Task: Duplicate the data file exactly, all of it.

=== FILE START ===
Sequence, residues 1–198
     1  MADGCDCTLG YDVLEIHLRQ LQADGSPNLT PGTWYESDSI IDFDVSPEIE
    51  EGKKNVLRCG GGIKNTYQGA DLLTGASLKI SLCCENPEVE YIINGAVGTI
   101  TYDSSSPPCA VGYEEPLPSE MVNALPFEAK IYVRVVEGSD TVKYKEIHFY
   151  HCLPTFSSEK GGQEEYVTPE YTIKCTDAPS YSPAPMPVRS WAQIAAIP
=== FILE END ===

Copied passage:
Sequence, residues 1–198
     1  MADGCDCTLG YDVLEIHLRQ LQADGSPNLT PGTWYESDSI IDFDVSPEIE
    51  EGKKNVLRCG GGIKNTYQGA DLLTGASLKI SLCCENPEVE YIINGAVGTI
   101  TYDSSSPPCA VGYEEPLPSE MVNALPFEAK IYVRVVEGSD TVKYKEIHFY
   151  HCLPTFSSEK GGQEEYVTPE YTIKCTDAPS YSPAPMPVRS WAQIAAIP